Because of its pre-eminence as a Mediterranean port, Marseille has always been one of the main points of entry into France. This has attracted many immigrants and made Marseille into a cosmopolitan melting pot. By the end of the 18th century, about half the population originated from elsewhere. The main group of immigrants came from Italy (mainly from Genoa and Piedmont) as well as from Spain, Greece, Berbers and the Levant.
Marseille is listed as a major centre of art and history. The city boasts many museums and galleries. There are many ancient buildings and churches of historical interest. Most of the attractions of Marseille (including shopping areas) are located in the 1st, 2nd, 6th and 7th arrondissements.
The most famous monuments and places to visit are:
- The Old Port or “Vieux-Port“, which is the main harbour and marina of the city. It is guarded by two massive forts (Fort St Nicolas and Fort Saint Jean) and is one of the main places to eat in the city. Dozens of cafés line the waterfront. – The Quai des Belges at the end of the harbour is the site of the daily fish market. Much of the northern quayside area was rebuilt by the architect Fernand Pouillon after its destruction by the Nazis in 1943.
- The Phare de Sainte Marie, a lighthouse on the inlet to the Old Port.
- La Vieille Charité in the Panier, an architecturally significant building designed by the Puget brothers. The central baroque chapel is situated in a courtyard lined with arcaded galleries. Originally built as an alms house, it is now home to an archeological museum and a gallery of African and Asian art, as well as bookshops and a café.
- The Centre Bourse and the adjacent rue St Ferreol district (including rue du Rome and rue Paradis), the main shopping area in central Marseille. (The other two major shopping complexes in Marseille are at la Valentine and le Grand Littoral.)
- The Musée d’Histoire, the Marseille historical museum, located in the Centre Bourse. It contains records of the Greek and Roman history of Marseille as well as the best preserved hull of a 6th century boat in the world. Ancient remains from the Hellenic port are displayed in the adjacent archeological gardens, the Jardin des Vestiges.
- The Palais de la Bourse, a 19th century building housing the chamber of commerce, the first such institution in France. It also contains a small museum, charting the maritime and commercial history of Marseille, as well as a separate collection of models of ships.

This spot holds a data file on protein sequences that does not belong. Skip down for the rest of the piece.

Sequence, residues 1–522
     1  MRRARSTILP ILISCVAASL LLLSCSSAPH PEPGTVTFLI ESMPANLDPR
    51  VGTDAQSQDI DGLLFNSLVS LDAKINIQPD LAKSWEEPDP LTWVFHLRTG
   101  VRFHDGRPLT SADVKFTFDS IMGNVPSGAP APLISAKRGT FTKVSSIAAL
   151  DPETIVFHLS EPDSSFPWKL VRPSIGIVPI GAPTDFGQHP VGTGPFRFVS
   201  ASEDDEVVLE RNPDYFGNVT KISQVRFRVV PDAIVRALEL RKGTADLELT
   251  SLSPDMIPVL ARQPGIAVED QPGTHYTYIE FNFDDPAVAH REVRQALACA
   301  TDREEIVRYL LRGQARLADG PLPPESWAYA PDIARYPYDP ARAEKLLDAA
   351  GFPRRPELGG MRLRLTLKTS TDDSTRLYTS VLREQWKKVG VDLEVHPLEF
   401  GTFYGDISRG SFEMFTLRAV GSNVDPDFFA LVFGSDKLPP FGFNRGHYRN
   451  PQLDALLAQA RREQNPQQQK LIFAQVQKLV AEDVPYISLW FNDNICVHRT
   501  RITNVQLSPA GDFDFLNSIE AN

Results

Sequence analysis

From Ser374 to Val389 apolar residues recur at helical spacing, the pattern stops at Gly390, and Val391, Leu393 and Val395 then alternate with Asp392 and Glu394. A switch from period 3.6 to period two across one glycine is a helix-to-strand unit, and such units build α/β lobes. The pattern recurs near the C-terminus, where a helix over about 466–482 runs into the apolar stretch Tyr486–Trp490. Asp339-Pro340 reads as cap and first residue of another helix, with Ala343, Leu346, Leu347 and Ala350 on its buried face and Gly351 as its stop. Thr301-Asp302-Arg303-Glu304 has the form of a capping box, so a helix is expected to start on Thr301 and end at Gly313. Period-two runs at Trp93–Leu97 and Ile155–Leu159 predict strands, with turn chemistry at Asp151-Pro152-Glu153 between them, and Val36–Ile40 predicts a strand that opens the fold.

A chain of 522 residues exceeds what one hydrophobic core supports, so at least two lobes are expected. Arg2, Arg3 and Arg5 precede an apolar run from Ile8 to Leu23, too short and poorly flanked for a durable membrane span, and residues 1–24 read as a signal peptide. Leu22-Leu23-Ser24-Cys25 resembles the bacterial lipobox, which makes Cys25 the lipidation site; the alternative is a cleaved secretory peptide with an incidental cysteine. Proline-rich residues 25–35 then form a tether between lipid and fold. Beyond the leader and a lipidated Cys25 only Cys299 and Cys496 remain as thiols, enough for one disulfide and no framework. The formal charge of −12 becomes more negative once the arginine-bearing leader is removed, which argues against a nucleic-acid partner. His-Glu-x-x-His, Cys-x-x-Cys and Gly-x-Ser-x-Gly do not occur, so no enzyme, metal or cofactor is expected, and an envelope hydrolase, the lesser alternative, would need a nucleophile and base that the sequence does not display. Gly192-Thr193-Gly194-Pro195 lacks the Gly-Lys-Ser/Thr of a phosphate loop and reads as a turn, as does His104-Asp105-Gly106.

- The Musée de la Mode, a museum of modern fashion, which displays over 2000 designs from the last 30 years.
- The Musée Cantini, a museum of modern art near the Palais de Justice. It houses artworks associated with Marseille as well as several works by Picasso.
- The Pierre Puget park.
- The Hôtel-Dieu, a former hospital in the Panier, currently being transformed into an InterContinental hotel.
- The Abbey of Saint-Victor, one of the oldest places of Christian worship in France. Its early fifth century crypt and catacombs occupy the site of a Hellenic burial ground, later used for Christian martyrs and venerated ever since. Continuing a medieval tradition, every year at Candlemas a Black Madonna from the crypt is carried in procession along rue Sainte for a blessing from the archbishop, followed by a mass and the distribution of “navettes” and green votive candles.
- The Hotel de Ville (the Town Hall), a baroque building from the 17th century.
- The Museum of Old Marseille, housed in the 16C Maison Diamantée, describing everyday life in Marseille from the eighteenth century onwards.
- The Cathedral of Sainte-Marie-Majeure or la Major, founded in the 4th century, enlarged in the 11th century and completely rebuilt in the second half of the 19th century by the architects Léon Vaudoyer and Jacques Henri Esperandieu. -The present day cathedral is a gigantic edifice in the Romano-Byzantine style. A romanesque transept, choir and altar survive from the older medieval cathedral, spared from complete destruction only as a result of public protests at the time.
- The 12C parish church of Saint-Laurent and adjoining 17C chapel of Sainte-Catherine, on the quayside near the Cathedral, recently reopened after restoration.
No responses yet